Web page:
Do you believe that music could bring about social change?
This is a difficult question but one that I find very interesting. I believe that all art can eventually bring around social change to a certain extent so I guess that’s a yes from me. Awareness can be raised on various subjects through the medium of music. Sound brings people together. It’s a positive art form in what can sometimes be a negative society.
I try to stay optimistic and believe that change is always happening somewhere. Society is moving forward in my eyes. Slowly but surely. If music can play a part in that then let’s embrace it.
[nextpage title=”Tye Die Tapes”]
What made you start a label?
Much like many people, we wanted to release our own band. We were in a band called “bhurgeist” that was too scrappy for anyone else to want to release and so we did our own thing. It quite naturally developed from there to split releases with other bands and then, finally, releases by other bands. We thought tapes were a bit cool and novel at the time (2008ish) so that’s what we went for.


What are some of the challenges you see as a label owner?
I have always found the key challenge to be generating excitement about what you’re doing. Things like active social media help but, unless you’re some kind of genius, it’s difficult to maintain excitement if you aren’t releasing anything. Maintaining momentum is important and, if you’re releasing regularly you can take some of the momentum from previous releases into your next one. We’re at a point where we only release when we have the time or willing and so we’ve had to scale back from editions in the 100s to editions in the 10s to make sure we don’t have stock lying around.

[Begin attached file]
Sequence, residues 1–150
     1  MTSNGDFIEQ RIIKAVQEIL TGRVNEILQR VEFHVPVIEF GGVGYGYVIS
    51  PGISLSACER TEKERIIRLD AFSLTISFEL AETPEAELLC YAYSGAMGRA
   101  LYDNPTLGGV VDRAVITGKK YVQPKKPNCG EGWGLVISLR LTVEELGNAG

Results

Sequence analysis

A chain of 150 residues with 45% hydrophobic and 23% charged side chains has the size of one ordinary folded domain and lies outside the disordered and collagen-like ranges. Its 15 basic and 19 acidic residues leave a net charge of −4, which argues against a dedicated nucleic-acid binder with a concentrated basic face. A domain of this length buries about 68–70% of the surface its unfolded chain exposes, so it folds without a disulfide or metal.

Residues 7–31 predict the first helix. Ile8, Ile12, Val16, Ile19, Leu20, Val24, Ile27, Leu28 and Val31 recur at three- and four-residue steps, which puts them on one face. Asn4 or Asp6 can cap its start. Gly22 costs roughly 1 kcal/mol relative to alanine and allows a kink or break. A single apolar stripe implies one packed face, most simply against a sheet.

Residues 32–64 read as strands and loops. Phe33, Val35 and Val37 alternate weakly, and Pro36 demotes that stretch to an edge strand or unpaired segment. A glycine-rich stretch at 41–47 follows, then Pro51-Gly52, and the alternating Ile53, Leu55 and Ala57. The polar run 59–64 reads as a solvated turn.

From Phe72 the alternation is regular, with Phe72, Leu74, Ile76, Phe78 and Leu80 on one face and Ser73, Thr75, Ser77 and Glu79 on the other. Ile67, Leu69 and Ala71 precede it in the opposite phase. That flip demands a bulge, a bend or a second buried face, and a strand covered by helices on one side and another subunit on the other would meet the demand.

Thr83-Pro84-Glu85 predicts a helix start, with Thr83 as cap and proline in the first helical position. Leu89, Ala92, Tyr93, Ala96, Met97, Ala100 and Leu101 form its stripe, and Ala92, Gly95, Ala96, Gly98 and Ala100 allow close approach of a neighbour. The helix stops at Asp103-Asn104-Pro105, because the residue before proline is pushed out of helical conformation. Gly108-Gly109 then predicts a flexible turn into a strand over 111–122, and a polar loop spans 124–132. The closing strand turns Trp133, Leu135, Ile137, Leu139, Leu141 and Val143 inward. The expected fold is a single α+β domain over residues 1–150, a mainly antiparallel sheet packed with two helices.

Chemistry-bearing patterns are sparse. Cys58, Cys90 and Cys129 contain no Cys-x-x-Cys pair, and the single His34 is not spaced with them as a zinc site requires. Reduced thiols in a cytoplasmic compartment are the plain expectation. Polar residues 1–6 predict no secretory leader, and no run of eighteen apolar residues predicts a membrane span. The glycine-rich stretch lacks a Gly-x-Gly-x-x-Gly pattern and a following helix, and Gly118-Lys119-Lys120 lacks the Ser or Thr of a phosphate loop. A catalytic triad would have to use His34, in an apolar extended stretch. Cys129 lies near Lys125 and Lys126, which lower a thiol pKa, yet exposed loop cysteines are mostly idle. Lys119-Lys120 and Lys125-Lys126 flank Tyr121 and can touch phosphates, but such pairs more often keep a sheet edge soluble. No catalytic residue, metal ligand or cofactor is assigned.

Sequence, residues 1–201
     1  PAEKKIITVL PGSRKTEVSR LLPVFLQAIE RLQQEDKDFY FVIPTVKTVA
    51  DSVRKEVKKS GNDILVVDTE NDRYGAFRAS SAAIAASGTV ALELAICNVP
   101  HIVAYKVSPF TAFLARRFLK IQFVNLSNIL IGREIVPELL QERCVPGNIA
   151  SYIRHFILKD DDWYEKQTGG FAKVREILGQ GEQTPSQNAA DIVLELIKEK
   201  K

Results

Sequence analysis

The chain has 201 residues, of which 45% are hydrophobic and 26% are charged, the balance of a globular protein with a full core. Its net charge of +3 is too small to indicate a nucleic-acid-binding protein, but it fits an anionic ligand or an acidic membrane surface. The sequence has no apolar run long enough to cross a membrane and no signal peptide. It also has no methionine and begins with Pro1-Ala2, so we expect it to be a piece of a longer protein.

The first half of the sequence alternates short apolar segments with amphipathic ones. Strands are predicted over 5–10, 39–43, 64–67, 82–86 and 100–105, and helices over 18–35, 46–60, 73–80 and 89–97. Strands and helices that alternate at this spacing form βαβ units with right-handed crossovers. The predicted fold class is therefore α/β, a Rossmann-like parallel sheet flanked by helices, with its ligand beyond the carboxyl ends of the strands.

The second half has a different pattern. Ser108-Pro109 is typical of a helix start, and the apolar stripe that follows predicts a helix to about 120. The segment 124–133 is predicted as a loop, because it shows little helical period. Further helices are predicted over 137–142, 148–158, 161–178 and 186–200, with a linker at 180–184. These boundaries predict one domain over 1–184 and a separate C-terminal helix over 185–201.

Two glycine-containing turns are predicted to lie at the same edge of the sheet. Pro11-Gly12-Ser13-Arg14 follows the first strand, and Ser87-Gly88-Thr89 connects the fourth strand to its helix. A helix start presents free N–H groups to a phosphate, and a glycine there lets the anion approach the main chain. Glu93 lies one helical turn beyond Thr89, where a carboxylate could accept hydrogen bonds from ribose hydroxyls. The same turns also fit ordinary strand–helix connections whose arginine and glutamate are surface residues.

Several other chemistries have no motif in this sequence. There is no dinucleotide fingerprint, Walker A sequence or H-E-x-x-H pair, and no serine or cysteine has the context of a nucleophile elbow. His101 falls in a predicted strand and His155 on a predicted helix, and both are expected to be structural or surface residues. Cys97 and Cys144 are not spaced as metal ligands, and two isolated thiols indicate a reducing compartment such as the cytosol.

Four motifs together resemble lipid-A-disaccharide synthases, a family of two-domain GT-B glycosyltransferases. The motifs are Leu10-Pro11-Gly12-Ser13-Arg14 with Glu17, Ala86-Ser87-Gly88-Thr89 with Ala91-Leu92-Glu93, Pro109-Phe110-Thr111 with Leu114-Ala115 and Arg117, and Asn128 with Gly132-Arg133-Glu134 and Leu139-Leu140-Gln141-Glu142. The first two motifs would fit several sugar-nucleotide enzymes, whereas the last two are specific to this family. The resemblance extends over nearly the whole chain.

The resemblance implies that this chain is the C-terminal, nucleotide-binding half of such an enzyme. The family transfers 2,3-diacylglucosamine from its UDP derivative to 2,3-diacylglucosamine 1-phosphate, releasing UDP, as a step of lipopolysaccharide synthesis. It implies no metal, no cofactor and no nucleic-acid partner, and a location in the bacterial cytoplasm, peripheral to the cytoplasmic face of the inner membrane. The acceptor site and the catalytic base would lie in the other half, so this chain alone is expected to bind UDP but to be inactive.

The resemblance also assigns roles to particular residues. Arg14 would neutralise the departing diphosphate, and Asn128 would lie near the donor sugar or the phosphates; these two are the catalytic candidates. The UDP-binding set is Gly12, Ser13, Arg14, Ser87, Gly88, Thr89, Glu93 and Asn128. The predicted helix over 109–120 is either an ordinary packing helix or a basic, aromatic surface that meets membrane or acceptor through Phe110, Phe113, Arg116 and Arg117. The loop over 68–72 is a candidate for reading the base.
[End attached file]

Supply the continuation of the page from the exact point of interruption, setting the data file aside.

What is your take on Spotify and streaming services?
They’re the future. As a label owner I know that I should be all “old man shouts at cloud” about it but I predominantly listen to music on Spotify now and it is shifting to be the end goal of a record for me, rather than that being a physical release. I think about this often in my other hobby which is recording, mixing and mastering records and it has an impact on the way that you approach making a record itself. Obviously it would be nice if Spotify et al actual paid artists…


Is there a specific focus as far as genres or local/regional aspect of music you’re releasing?
Early on there was. We were primarily focused in Sheffield, UK and released a few bands from Ohio. We had a bit of a pen-friend thing going on with Marty Brass, Shiny Penny and others in Cleveland and put out some of their stuff. In typical internet fashion it then spread out to some other areas and a few releases (and some that never got off the ground) were actually sparked through podcasts; eg Bare Mattress through the “Overnight Drive” podcast and Advance Base through Yoni Wolf’s “The Wandering Wolf”.


Do you believe that music could bring about social change?
I am sure that it can. I think of things like the Motor City 5 and Stormzy’s Grenfell comments at the BRIT Awards. Whilst very different, they seem effective in raising the issues of a culture or people. I’m sure there’s been many books written about this stuff. My interest in music is more from the perspective of having a means to express myself. Maybe I’m selfish.
[nextpage title=”Moone Records”]
What made you start a label?
We initially started Moone so we could catalog and release extremely limited editions of CD-R’s and home-dubbed tapes of personal efforts, hoping others would want to be a part of it too. It since has blossomed into a love-affair.